You may hear people say they can't afford to eat healthy, but as it turns out, some of the healthiest foods in grocery stores won't make a dent in your wallet.

"I do think that we can eat healthy for the same price as eating unhealthy foods. Eating at restaurants or buying packaged, processed food can add up quickly," Colleen McGuire, registered dietitian for At the Table Nutrition in Vancouver, tells The Huffington post Canada.

"A person can eat much healthier and for less or the same cost by buying fresh whole foods, buying locally and seasonally, and cooking them at home. A great low-cost way to eat healthy is to grow food yourself."

But we all know buying organic, for example, gets expensive. These foods are usually grown pesticide-free and are produced in fair trade environments, making them pricier for everyday consumers.

"The trick to buying these foods at a lower price is to get them during their growing season and when they’re grown locally," says McGuire.

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  • Legumes

    "Buying legumes dry and cooking them yourself is economical and very nutritious," says Colleen McGuire, registered dietitian of <a href="http://www.atthetablenutrition.com/" target="_blank">At the Table Nutrition in Vancouver.</a> Legumes also make a nutritious alternative to meat and are packed with protein, iron and B vitamins. But unlike meats, they're a very high source of fibre and are extremely low in fat.

  • Sprouted Grain Breads

    "Sprouted grain breads contain no flour, making them higher in fibre and more nutritional than other breads," McGuire says. And because this type of bread is low on the glycemic index, it can help you manage your blood sugar levels and weight. But often, this bread can get pricey, so make sure you check out local markets for a cheaper price.

  • Peanut Butter

    "Natural peanut butter has a high level of healthy fats (monounsaturated) and provides good quality protein," McGuire says. Peanut butter also has B vitamins, magnesium, folate, and dietary fibre in every scoop. "Have it on sprouted grain toast with a banana for a balanced, economical meal."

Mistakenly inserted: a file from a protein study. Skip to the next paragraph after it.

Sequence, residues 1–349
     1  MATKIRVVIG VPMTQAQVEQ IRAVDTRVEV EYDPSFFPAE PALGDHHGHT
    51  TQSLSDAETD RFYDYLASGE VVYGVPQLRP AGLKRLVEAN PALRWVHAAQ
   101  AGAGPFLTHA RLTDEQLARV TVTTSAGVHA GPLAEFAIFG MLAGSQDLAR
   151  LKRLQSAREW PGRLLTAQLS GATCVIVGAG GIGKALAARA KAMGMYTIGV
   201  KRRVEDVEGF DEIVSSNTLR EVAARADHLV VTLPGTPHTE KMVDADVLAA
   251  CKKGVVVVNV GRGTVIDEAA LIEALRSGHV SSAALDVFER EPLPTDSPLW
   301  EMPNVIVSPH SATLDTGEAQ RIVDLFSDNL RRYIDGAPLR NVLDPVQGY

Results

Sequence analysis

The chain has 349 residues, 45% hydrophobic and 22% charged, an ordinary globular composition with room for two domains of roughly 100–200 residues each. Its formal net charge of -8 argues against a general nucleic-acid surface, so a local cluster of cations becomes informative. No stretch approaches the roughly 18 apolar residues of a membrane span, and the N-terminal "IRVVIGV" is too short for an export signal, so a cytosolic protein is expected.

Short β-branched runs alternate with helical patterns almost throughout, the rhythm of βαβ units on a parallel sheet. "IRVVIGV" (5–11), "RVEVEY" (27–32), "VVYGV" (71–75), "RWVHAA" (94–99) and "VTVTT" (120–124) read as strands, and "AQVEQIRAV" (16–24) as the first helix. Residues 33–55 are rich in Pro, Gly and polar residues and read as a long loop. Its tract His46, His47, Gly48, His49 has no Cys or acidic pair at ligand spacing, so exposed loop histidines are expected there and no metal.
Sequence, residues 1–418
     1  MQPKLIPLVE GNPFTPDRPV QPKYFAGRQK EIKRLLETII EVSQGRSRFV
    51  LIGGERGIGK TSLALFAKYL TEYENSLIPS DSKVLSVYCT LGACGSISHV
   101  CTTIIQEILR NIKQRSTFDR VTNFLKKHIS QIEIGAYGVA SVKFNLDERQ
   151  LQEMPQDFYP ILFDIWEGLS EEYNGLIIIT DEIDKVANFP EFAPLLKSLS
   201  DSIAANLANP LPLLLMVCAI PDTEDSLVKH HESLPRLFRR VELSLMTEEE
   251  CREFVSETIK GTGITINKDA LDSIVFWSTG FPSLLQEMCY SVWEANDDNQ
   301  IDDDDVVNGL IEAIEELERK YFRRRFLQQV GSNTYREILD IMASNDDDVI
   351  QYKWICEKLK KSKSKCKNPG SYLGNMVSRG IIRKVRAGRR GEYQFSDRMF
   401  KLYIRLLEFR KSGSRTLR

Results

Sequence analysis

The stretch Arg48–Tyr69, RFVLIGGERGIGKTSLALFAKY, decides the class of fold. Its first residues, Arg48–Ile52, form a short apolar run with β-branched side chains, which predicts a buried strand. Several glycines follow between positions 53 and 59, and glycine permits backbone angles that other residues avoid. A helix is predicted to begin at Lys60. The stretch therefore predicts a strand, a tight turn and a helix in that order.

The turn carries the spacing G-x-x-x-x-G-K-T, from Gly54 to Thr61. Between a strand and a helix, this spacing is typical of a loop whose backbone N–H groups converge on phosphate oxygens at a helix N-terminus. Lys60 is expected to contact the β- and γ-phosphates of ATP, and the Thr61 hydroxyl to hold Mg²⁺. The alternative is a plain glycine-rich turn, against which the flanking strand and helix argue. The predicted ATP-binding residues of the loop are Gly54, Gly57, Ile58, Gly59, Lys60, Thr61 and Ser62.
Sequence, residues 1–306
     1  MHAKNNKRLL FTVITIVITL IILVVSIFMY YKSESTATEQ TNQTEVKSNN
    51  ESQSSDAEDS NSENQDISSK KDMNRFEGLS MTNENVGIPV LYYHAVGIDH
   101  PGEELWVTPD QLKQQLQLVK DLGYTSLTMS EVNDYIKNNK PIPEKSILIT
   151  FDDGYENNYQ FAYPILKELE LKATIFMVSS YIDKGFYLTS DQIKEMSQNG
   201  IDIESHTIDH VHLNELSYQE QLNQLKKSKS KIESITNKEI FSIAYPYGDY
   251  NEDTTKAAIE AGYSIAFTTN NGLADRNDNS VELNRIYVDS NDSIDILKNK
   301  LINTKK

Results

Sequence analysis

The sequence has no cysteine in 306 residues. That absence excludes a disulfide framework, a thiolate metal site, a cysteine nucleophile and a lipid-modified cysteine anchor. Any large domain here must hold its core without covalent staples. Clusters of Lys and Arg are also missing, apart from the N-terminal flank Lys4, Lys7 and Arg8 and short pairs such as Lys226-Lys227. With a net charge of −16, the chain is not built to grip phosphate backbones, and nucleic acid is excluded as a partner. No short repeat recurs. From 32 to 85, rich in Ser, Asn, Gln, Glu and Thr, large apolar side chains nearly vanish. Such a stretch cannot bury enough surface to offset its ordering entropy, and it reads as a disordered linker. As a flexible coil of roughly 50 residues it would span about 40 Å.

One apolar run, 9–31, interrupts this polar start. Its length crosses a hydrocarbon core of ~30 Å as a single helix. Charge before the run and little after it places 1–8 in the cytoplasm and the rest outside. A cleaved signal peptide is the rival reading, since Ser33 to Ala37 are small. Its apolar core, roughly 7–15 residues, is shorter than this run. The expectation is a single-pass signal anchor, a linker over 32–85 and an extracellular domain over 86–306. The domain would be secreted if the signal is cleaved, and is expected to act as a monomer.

• Eggs

    Eggs are a good source of high-quality protein and B12, and won't hurt your pockets, McGuire says. The egg yolk itself also contains iron and vitamin E.

  • Oatmeal

    "A steaming bowl of fresh cooked oatmeal is the perfect way to start off your day, especially if you are trying to prevent or are currently dealing with heart disease or diabetes," McGuire says. Fibre in oats is known to lower cholesterol and to help to maintain healthy blood sugar levels. To save money, buy your oats in bulk and try to stay away from packages high in sugar.

  • Plain Yogurt

    Plain yogurt is an excellent source of protein, calcium, magnesium and other nutrients — and it's cheap. "It does not contain all the sugar or artificial sweeteners contained in 'no added sugar' fruited yogurts," McGuire says. Greek yogurt, however, has the added benefit of additional protein. If you like sweetened yogurt but not the excessive sugar, try adding a drizzle of honey or maple syrup to your cup.

  • Feta Cheese

    Feta cheese contains protein and calcium, but it's also high in saturated fats. "The benefit of feta over other cheeses is that it is very flavourful and, therefore, the tendency is to use a small amount to add flavour to salads and pastas," McGuire says.

  • Kale

    Kale is one of the healthiest and cheapest vegetables around. "Researchers can now identify over 45 different flavonoids in kale, giving it both antioxidant and anti-inflammatory benefits in a way that gives kale a leading dietary role," McGuire says.

  • Frozen Vegetables

    It can get expensive to buy all your vegetables fresh and ripe. "Off-season frozen vegetables will give you a high concentration of nutrients," McGuire says. However, if you are buying frozen veggies, make sure you eat them right away. "Over many months, nutrients in frozen vegetables do inevitably degrade. Steam rather than boil your produce to minimize the loss of water-soluble vitamins. Use the water from your steamed vegetables when making rice to reabsorb the nutrients."